Director Steve McQueen discusses latest film Shame

Director Steve McQueen discusses latest film Shame

Michael Fassbender and Carey Mulligan star in the former artist's story of sex addiction

‘When I first heard of the notion of sex addicts I laughed,’ says Steve McQueen. ‘Then I did a bit of research. It’s very similar to an alcoholic that drinks a litre of whisky a day.’ The artist and director is talking about his new film Shame, an unflinching look at the world of sex addiction, and he’s not laughing now. Rather he’s considered, thoughtful and to the point, much like the film he’s made.

This is only McQueen’s second feature, yet he won the Turner Prize as a visual artist in 1999, almost ten years prior to the release of his debut Hunger. In between times he was in Iraq as an official war artist. Controversy, darkness, and conflict are all themes that McQueen has made a career out of facing head-on. Now he hopes that audiences will overcome the same initial scepticism he had about Shame’s subject matter.

‘I just hope people will see it. It’s about sex but I’m not looking for controversy. This is a story that is happening right now, everyone who has a computer has looked up pornography, but at the same time not everyone is a sex addict. If it had been a movie about a drug addict or an alcoholic it would be different but because it’s to do with sex somehow we’re embarrassed about it or see it as being shocking.’

If there’s a reason why sex has come to fore it’s the double standard of a society that commercialises sexual imagery as much as it veils the reality of sex, though hardcore porn is readily available. ‘When I was growing up you had to go in the newsagents and break your neck looking at the top shelf to see anything, or that kid would come to school and you’d all be round the back of the bike sheds huddled round a magazine. Now it’s just two clicks on your iPhone.’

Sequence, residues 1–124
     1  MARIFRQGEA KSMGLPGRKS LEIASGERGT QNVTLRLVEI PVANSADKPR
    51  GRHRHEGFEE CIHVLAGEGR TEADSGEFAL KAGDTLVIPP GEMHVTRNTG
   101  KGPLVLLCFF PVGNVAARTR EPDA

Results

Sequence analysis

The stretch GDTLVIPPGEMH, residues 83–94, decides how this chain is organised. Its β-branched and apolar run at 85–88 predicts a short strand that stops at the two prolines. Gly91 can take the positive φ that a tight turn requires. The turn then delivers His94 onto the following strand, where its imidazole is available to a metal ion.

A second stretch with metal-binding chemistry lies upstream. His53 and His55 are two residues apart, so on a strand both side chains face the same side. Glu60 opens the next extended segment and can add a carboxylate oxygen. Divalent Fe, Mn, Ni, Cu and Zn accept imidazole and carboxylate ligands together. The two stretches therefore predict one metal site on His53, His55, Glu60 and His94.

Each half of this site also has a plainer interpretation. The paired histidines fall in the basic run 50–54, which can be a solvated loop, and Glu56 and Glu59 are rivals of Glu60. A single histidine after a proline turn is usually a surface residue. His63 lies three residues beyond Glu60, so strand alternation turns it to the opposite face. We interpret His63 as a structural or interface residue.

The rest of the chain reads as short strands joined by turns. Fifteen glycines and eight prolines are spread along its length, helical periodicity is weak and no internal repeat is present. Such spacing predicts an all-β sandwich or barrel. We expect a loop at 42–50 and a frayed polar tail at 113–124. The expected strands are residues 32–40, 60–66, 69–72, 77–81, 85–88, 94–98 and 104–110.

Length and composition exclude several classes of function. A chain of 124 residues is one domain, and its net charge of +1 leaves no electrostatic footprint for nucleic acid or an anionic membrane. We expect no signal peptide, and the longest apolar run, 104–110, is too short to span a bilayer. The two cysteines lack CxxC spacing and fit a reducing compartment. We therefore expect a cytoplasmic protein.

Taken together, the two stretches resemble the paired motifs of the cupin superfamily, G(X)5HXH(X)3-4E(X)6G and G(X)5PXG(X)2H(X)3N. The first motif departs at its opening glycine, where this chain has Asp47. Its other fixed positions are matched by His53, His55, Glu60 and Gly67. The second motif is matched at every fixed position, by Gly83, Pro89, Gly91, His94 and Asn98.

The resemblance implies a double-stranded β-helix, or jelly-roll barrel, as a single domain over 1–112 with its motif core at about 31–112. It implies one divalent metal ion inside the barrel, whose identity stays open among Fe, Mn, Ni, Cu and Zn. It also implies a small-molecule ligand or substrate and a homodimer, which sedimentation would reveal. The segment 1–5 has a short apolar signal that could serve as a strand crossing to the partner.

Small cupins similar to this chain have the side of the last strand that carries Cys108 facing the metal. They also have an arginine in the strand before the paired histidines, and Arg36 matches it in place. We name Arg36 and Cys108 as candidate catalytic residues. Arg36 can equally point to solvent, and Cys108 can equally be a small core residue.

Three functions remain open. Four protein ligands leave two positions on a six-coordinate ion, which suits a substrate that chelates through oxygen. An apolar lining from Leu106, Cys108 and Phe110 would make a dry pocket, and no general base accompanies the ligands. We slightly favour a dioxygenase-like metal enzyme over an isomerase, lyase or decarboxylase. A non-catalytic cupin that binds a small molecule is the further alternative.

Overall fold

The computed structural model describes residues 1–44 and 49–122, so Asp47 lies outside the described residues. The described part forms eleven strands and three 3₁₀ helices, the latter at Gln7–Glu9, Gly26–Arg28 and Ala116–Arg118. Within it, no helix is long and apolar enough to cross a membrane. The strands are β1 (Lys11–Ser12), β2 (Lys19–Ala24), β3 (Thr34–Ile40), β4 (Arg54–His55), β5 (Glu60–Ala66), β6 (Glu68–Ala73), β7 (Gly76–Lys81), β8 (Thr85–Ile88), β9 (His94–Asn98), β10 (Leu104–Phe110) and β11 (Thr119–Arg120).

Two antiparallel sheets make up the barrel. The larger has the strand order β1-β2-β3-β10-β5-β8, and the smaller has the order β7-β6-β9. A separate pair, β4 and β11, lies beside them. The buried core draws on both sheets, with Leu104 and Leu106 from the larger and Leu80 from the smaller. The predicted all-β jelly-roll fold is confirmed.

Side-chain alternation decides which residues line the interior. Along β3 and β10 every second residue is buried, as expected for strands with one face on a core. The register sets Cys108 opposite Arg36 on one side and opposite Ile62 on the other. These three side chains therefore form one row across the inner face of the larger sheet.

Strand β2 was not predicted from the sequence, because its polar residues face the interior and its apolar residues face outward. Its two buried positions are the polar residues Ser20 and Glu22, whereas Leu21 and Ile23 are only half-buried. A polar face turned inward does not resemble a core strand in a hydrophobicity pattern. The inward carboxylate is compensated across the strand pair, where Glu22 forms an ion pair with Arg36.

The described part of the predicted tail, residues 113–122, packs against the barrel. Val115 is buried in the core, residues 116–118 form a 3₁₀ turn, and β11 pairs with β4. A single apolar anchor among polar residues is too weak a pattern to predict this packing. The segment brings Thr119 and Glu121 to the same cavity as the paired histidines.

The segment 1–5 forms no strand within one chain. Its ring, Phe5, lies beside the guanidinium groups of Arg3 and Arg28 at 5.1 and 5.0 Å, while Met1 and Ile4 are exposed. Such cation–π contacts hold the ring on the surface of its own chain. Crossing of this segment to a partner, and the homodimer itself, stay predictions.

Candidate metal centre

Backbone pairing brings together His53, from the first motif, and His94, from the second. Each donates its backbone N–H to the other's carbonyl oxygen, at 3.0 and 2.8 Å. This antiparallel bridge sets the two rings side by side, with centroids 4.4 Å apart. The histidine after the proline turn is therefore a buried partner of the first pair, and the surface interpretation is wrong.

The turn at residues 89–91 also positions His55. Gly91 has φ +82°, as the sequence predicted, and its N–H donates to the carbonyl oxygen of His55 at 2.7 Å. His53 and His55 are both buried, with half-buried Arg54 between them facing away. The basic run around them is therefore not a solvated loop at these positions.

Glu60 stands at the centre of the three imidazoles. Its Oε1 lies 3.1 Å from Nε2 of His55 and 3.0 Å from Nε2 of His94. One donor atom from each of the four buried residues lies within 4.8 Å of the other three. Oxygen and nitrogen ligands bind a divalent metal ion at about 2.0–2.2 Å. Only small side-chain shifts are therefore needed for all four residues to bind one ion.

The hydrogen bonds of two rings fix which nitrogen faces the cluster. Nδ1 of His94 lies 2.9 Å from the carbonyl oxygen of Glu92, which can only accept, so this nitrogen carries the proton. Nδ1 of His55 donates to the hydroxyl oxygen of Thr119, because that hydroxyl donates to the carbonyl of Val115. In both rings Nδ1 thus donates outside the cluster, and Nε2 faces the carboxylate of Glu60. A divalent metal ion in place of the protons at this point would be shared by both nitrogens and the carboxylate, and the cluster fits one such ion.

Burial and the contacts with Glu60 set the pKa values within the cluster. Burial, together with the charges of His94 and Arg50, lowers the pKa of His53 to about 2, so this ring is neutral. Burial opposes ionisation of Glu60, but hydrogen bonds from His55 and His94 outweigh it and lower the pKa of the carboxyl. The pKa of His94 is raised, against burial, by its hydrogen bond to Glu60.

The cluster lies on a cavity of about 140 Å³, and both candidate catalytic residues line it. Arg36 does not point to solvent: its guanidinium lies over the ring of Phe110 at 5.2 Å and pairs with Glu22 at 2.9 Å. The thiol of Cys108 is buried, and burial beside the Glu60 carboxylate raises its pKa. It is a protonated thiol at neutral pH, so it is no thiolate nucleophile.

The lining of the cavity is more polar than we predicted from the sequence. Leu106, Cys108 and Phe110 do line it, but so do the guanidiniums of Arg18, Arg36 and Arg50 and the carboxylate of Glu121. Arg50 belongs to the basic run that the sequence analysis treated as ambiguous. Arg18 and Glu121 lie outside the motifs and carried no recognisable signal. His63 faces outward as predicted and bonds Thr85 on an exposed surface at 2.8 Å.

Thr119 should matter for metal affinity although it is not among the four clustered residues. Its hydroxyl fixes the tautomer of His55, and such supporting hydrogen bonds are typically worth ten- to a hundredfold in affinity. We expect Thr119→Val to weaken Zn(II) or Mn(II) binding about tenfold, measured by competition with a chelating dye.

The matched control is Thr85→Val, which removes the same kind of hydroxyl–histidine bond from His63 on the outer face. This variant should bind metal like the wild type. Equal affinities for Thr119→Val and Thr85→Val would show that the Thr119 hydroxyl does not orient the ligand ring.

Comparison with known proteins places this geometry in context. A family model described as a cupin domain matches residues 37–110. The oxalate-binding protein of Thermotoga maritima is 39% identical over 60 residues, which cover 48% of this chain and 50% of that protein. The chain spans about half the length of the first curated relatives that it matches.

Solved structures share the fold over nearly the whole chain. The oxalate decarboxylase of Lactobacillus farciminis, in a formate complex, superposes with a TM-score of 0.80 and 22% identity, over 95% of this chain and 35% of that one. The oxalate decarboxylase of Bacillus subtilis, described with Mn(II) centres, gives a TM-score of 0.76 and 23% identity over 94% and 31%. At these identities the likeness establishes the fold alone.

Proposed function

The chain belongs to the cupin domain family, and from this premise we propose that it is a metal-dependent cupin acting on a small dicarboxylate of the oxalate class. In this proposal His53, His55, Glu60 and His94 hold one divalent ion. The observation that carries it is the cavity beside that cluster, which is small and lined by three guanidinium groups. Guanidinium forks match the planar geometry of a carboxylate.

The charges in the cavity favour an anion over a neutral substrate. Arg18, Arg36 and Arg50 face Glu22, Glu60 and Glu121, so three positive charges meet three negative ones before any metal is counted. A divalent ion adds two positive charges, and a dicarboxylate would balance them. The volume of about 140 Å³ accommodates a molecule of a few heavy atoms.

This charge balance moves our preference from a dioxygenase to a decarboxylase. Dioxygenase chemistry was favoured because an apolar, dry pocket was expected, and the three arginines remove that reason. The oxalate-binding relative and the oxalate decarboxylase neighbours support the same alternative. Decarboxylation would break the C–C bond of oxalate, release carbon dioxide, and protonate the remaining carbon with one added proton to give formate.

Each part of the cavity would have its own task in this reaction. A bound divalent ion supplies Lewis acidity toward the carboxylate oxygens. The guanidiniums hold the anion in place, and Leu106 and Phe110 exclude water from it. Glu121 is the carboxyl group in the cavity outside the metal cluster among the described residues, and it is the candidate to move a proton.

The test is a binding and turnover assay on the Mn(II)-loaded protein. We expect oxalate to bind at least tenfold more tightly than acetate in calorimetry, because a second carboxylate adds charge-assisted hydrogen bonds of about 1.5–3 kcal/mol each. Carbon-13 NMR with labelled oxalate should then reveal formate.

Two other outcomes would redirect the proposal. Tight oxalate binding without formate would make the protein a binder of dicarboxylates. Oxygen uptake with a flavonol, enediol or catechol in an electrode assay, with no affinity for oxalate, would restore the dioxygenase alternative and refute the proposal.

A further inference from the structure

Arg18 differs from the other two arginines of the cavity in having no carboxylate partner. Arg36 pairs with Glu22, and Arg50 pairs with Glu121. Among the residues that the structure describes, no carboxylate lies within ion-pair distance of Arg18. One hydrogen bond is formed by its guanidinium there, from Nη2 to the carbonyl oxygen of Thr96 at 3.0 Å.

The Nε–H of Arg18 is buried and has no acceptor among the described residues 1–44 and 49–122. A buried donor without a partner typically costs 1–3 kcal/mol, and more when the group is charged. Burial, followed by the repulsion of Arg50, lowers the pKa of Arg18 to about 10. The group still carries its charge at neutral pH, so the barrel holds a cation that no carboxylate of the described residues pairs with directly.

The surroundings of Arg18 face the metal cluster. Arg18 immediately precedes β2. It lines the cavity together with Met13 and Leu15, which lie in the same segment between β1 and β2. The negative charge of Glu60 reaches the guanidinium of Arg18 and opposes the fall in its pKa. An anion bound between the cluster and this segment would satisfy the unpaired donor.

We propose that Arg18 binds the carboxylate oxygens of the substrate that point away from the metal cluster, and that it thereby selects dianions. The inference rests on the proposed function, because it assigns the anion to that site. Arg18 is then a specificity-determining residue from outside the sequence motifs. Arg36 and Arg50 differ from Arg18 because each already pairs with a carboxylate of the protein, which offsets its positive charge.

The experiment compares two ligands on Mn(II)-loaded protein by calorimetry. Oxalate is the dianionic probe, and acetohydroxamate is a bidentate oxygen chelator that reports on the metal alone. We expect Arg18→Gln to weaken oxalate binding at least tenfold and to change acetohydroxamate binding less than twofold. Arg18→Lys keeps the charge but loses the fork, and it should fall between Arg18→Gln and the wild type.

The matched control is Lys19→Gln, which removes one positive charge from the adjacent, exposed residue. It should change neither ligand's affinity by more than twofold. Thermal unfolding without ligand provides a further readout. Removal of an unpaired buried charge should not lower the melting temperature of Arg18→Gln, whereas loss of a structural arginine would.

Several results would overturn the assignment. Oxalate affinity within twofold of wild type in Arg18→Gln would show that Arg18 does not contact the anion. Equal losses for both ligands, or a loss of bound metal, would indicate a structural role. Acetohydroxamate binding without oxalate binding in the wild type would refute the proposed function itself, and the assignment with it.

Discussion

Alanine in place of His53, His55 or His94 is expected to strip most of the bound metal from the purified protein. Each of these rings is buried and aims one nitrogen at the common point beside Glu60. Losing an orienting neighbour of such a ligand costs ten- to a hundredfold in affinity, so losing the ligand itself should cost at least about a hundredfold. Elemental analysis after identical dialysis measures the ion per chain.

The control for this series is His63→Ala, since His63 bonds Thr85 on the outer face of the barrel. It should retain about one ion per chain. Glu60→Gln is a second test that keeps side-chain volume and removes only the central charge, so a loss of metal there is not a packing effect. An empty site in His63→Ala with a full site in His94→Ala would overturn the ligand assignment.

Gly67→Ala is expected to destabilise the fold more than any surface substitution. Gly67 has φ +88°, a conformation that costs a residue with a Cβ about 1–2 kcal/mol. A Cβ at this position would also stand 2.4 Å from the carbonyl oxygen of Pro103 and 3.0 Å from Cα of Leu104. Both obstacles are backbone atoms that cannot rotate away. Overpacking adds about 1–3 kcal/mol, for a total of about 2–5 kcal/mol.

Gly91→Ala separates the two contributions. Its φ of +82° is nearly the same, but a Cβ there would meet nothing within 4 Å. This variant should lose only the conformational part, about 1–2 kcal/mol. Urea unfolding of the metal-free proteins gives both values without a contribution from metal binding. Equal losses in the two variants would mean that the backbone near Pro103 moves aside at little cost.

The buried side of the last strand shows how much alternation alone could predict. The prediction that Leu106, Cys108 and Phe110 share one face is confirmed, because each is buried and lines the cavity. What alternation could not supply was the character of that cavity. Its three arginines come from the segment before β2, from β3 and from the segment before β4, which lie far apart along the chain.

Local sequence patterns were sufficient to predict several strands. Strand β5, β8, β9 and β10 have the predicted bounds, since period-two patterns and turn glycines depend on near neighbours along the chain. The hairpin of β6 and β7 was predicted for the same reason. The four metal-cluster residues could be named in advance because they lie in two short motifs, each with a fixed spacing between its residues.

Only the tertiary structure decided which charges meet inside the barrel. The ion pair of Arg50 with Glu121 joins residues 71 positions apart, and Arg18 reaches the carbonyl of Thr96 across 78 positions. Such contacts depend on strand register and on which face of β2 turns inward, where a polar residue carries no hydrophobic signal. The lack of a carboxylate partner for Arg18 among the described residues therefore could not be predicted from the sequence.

Shame marks McQueen’s second collaboration with actor Michael Fassbender, who takes the lead role as Brandon Sullivan, a man desperately searching for an unattainable sexual satisfaction, living a life littered with hollow sexual encounters. Fassbender also starred in Hunger, which told the story of the 1981 Irish hunger strike, and it’s proven a particularly fruitful partnership with Fassbender already signed up for McQueen’s forthcoming third feature Twelve Years a Slave (also starring Brad Pitt and Chiwetel Ejiofor). ‘Michael is a great actor first and foremost,’ says McQueen. ‘I met him at the audition for Hunger, I gave him an opportunity and he gave me an opportunity. I love working with Michael and there’s a shorthand that exists so it’s quick.’

Sullivan is a role that asks a lot of the lead. Shame is a fairly explicit, extremely frank film with multiple sex scenes. ‘There’s always a difficulty when you think about it but once you’re in the scene it becomes very straightforward. The problem is the anticipation but once you’re involved it’s like swimming, it becomes very, very easy.’

Carey Mulligan plays Sullivan’s sister Sissy, adding a vulnerable human heart to this often bleak story. ‘Everyone thinks Carey’s an English rose but she’s a tiger with teeth and claws,’ says McQueen. ‘Very disruptive and very argumentative but for all the right reasons.’

McQueen also sees Shame as going beyond its core story. Asked what he wants people to take from the film he pauses and thinks, before answering. ‘I don’t think it’s just about addiction I think it’s a story about how we live now. Things are being constantly sold to us; it’s what happens when you are saturated with consumerism. I just like to tell stories, I have no agenda, I’m not a politician.’

General release from 13 Jan.

Shame Red Band Trailer


  • 5 stars
  • 2011
  • UK
  • 1h 40min
  • 18
  • Directed by: Steve McQueen
  • Written by: Abi Morgan, Steve McQueen
  • Cast: Michael Fassbender, Carey Mulligan
  • UK release: 13 January 2012

Brandon Sullivan (Fassbender) is trapped in his own world of sex addiction. Then his sister, club singer Sissy (Mulligan), drifts into his life and apartment, upsetting the precarious knife edge of his existence. Fassbender is stunning in a strangely lyrical film about ugly desperation.

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